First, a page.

Here's a brief overview of this work. I had seen a long video of a talk by Suzanne Vernon, Bateman Horne's research directory, but I can't find it. It might be this one.
 
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The main problem seems to be finding the mental energy to deal with significant tasks
This is my biggest problem. I seem to have levels of exhaustion. There is just lying still with my eyes closed. Then there is doing an easy puzzle like the Jigsaw puzzles at the New Yorker website (you don't have to be a subscriber to play) , then there is reading headlines. Reading anything more demanding only happens occasionally and trying to do things like schedule appointments or go through the mail is usually beyond me.
 

taniaaust1

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I was in a ME/CFS study which do lot of neuropsych testing done (It was done as part of quite intensive ME/CFS study of all different things eg MRIs with contrast, eye scans and other things), when they published I dont think they published the stuff on the neuro testing results or not much on that area).

The specialist doing the test was completely shocked at my neuropsych results.

I started off great but my brain to exercises where a normal person would improve at it.. I went downhill as my brain got more and more burnt out. In the end I couldn't even say all my colours right and was calling yellow "red" and doing things like that.

Also if someone shows me some cards to memorize.. the more times I go through the set trying to memorize with retesting... the worst I get due to loosing my ability to think. I didn't improve like would normally happen with a healthy person studying something and trying to remember.

There was also some neuropsych testing I did great in and other things were terrible due to ME/CFS so it appears only specific functions are mostly affected.

I think one could only say something was pathological if you are getting issues out of what is ordinary. If you can mentally challenge yourself and not get mental fatigued and are not struggling to function brain wise with normal daily living stuff.. I'd think you were fine in that area as far as far as ME and brain issues go.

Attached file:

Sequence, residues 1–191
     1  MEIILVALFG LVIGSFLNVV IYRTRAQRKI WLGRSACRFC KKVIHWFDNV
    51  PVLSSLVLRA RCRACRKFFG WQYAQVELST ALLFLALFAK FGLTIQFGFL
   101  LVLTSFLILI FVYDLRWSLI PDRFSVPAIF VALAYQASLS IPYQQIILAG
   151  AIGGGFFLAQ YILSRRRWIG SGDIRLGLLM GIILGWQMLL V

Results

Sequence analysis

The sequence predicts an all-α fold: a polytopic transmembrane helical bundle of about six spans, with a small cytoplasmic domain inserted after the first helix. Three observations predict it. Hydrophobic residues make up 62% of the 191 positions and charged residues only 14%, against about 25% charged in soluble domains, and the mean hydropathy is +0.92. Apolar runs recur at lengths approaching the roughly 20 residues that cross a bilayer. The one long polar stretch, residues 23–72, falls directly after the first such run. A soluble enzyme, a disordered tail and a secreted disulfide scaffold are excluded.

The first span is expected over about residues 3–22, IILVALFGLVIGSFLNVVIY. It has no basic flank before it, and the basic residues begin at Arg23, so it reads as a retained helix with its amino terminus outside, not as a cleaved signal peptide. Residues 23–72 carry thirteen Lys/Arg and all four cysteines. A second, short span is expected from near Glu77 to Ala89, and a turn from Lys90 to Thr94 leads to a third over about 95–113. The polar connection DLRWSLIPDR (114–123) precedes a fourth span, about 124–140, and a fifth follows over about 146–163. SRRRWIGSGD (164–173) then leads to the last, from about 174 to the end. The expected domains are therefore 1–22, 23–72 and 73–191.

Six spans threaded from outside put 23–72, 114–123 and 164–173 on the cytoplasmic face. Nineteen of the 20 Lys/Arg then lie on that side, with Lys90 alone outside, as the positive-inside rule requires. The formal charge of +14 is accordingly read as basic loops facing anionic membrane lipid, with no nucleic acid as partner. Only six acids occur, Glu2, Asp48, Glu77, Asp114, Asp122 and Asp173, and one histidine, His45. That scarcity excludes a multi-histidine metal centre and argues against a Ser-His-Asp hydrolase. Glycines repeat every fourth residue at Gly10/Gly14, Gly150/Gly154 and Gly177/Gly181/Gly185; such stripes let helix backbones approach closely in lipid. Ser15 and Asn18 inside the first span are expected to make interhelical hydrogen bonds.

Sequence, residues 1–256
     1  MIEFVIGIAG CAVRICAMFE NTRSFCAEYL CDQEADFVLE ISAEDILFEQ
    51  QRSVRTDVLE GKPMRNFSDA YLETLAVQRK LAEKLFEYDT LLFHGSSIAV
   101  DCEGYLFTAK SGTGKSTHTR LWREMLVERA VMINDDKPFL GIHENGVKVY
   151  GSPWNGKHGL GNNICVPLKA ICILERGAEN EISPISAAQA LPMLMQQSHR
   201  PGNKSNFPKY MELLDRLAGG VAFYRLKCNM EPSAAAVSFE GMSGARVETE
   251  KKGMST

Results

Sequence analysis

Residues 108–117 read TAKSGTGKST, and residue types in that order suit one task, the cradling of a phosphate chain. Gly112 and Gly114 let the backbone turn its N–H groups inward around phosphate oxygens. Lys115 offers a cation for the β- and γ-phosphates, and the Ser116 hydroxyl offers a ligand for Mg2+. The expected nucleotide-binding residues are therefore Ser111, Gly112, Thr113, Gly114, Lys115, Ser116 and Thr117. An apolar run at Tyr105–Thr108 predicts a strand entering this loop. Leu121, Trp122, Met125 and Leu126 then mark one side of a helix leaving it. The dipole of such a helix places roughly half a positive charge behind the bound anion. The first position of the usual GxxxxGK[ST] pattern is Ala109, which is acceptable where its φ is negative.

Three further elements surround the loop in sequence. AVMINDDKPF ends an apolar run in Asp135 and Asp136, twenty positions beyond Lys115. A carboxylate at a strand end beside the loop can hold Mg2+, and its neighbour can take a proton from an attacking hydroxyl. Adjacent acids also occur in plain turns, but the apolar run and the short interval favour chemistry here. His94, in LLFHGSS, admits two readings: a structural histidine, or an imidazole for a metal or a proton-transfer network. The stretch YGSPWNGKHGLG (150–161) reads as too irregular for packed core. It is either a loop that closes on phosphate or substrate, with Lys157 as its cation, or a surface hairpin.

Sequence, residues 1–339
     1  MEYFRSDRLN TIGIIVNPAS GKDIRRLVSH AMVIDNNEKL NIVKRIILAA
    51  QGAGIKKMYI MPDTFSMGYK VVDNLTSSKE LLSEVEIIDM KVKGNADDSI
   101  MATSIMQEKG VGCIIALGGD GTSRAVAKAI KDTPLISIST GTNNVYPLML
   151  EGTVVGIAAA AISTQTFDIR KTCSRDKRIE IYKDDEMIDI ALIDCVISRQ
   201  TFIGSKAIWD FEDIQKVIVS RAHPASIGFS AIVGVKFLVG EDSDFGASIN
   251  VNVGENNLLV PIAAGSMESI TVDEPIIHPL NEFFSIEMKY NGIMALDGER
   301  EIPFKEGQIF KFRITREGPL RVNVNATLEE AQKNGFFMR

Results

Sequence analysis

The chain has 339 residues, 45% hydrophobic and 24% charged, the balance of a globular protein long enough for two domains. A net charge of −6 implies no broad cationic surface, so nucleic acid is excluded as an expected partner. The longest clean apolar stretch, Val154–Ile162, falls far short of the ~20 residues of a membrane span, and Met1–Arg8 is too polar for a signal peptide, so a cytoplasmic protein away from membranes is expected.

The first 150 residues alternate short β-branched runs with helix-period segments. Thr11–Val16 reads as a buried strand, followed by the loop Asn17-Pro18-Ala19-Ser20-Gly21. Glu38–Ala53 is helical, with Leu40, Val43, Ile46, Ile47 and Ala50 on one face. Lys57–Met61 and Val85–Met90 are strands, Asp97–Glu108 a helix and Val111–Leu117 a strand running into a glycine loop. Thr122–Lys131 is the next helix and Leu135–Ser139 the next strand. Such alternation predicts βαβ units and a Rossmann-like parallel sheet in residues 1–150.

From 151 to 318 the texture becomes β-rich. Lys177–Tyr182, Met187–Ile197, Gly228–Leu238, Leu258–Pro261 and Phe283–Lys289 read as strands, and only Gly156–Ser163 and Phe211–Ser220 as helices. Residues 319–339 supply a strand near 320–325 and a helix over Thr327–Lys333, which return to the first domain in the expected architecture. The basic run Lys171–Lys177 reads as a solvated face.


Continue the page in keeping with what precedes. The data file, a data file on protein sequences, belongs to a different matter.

Pyrrhus

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Since Long COVID came on to the scene, the term "brain fog" has changed from being a somewhat exclusive term to the patient community to a term that is being used by society in general.

The result is that it has lost its medical meaning entirely and become just a synonym for "forgetfulness".

Prominent ME advocates now say that it is time for the ME community to start saying "cognitive dysfunction" instead of "brain fog":

 

Pyrrhus

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In the future, neuropsychological testing may be replaced with electroencephalograms (EEGs)!



Related article:

Central Autonomic Network Disturbance in People with ME: A Conversation with Dr. Mark Zinn

https://phoenixrising.me/myalgic-en...fatigue-syndrome/mark-zinn-autonomic-eeg-pem/

Along with his wife, Dr. Zinn pioneered the use of advanced electro-encephalography (EEG) techniques in the study of ME. EEG is a non-invasive, inexpensive technique to record electrical brain activity using electrodes placed on the patient’s scalp.

Specifically, he has used an advanced EEG analysis called exact low-resolution electromagnetic tomography (eLORETA), which produces three-dimensional images of electrical activity in the outer portions of the brain.
[...]
Bronc:
How did you seek to measure post-exertional malaise in the participants of your pilot study?